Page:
This is an admirable goal and our points above about the draft Constitution, not completely shutting out Thai Rak Thai, suggest that it might be achieved. Giving people a voice in political institutions should channel conflict into the parliament and away from the streets. Of course, the party system that emerges will be key. It is important that neither side see the constitution as favoring their own side, but instead view it as a channel for public engagement. Political stability depends on whether this draft constitution can produce the sense of fairness to all parties. There are two possible flashpoints. First, political change is almost impossible since many policies are defined in this draft constitution and any amendment is almost impossible (see below). Second, much will hinge on how aggressive the powerful independent agencies and courts are in limiting elected government. A failure of channels to express their grievances properly could drive people to the streets again. The adoption of the draft constitution could lead elites to be less willing to compromise with the grassroots forces, which would also extend the conflict.
Drafters of the new constitution are promising general elections to be organized after the constitutional referendum. The elected government and the parliament are then expected to implement the new constitution. How likely is it that the parties who were not part of the drafting process will be successfully implementing it?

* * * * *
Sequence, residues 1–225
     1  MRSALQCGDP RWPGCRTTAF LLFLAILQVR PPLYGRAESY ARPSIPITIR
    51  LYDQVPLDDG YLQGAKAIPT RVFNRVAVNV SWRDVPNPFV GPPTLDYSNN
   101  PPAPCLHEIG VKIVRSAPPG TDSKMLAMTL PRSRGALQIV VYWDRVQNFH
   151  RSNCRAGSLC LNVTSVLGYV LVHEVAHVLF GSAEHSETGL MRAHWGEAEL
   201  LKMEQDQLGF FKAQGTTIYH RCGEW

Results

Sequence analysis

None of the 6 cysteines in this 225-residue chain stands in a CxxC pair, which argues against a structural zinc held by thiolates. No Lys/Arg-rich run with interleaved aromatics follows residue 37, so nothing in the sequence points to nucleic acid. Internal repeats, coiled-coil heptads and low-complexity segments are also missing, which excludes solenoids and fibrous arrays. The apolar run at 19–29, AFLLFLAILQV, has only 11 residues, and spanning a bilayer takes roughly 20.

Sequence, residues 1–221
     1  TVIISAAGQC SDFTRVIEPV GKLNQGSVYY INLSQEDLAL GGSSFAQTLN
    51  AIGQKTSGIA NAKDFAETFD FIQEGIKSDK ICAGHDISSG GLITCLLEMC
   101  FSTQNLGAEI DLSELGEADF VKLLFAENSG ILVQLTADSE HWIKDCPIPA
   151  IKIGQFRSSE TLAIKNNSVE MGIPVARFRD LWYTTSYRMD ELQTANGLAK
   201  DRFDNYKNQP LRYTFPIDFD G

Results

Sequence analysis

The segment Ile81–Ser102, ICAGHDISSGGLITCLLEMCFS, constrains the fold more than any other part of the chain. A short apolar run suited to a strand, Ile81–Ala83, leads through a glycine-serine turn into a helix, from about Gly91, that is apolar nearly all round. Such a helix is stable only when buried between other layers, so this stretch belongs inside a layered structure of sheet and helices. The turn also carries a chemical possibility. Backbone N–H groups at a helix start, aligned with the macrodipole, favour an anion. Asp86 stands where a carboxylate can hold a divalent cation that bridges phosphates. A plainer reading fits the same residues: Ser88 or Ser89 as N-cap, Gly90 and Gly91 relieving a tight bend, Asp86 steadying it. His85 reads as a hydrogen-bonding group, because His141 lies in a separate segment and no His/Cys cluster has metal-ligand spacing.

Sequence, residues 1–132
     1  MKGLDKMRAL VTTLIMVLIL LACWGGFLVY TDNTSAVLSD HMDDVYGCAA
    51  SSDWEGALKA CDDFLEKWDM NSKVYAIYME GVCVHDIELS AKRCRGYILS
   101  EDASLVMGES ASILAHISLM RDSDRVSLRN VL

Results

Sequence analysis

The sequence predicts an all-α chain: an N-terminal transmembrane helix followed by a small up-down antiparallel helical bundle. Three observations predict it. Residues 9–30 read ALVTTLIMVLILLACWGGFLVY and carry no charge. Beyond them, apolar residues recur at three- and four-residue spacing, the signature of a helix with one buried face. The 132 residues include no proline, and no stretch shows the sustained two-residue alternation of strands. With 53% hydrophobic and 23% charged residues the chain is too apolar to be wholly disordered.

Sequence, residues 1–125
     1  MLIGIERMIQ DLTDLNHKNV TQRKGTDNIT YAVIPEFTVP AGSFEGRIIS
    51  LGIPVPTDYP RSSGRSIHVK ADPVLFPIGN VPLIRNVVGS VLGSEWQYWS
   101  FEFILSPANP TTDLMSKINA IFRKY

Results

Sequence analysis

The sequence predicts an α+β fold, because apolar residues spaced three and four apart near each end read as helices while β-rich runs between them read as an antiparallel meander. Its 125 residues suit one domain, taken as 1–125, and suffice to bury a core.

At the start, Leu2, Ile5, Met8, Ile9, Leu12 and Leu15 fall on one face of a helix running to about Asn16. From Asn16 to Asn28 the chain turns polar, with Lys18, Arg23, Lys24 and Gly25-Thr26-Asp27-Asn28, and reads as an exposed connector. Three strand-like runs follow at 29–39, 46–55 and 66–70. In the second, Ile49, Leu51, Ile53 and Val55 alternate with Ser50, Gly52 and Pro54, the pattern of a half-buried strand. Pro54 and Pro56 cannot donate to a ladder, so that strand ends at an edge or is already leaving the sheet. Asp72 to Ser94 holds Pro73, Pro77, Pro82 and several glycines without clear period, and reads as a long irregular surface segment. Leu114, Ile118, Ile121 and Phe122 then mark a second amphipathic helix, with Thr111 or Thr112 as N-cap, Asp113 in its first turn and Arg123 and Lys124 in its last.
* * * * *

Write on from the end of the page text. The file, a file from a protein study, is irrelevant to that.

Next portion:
In general, there is no necessary connection between the parties drafting a constitution and those implementing it. History has some examples of constitutions drafted by one party but implemented by another; indeed, many people celebrate this as a way to ensure that the institutions are not designed with any particular party in mind. In the case of the current draft Constitution, many of its pieces are familiar from recent Thai constitutional practice, dating back to the 1997 Constitution of Thailand. So, there are no conceptual barriers to implementing the constitution. If all goes well and according to plan, the legislative and administrative bases of the Constitution should be in place by the time a civilian government takes over. There may, however, be political barriers.
Section 267 sets up a process in which the current constitutional drafting commission will draft organic laws to implement the new Constitution, within eight months of promulgation. Since there are existing laws or precedents in recent Thai history for all of these bills, this should not be difficult. Subsequently, the National Legislative Assembly has up to sixty days to consider the bill and adopt it. Section 268 then allows for up to one hundred fifty days before elections of the new legislature must take place. There is thus potential for the current transitional government to wield influence for up to 15 months. On the one hand, this may make the eventual implementation easier, but on the other hand, it is really a lot of time. It is justified in the name of National Reform, as laid out in Chapter XVI.